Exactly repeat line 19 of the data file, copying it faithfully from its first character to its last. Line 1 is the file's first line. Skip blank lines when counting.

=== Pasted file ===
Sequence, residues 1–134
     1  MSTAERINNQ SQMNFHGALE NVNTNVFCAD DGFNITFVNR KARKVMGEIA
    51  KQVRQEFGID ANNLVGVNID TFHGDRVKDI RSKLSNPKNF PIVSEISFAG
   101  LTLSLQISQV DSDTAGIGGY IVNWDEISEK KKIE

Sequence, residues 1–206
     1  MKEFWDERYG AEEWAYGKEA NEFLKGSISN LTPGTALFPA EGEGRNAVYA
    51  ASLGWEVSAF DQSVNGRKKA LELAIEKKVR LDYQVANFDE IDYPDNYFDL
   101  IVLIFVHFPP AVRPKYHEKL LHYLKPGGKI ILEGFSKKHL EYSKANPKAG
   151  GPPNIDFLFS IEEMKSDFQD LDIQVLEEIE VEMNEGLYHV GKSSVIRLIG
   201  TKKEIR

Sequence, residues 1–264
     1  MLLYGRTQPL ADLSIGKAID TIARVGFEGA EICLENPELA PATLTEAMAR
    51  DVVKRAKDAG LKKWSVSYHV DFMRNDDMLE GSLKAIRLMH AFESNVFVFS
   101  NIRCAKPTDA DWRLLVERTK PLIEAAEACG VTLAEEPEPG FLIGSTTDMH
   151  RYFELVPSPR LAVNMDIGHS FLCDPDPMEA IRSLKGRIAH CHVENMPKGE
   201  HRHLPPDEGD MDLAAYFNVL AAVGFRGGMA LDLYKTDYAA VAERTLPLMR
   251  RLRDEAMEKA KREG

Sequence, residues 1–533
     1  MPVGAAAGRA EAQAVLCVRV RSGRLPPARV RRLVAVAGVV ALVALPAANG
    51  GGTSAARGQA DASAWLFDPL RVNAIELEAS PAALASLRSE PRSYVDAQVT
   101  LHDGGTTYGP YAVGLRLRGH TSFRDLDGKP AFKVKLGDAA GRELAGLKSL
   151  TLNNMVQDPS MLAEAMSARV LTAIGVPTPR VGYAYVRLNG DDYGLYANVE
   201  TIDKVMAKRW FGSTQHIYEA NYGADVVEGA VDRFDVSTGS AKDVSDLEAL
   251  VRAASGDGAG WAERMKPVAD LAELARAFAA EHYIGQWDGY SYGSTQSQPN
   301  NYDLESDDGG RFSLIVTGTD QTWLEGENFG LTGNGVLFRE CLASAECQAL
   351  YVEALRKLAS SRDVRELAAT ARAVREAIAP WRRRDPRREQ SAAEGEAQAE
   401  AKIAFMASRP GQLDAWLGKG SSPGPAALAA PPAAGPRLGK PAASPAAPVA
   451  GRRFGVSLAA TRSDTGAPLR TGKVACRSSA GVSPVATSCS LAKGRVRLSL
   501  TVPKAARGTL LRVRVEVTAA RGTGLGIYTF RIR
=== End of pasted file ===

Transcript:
     1  MPVGAAAGRA EAQAVLCVRV RSGRLPPARV RRLVAVAGVV ALVALPAANG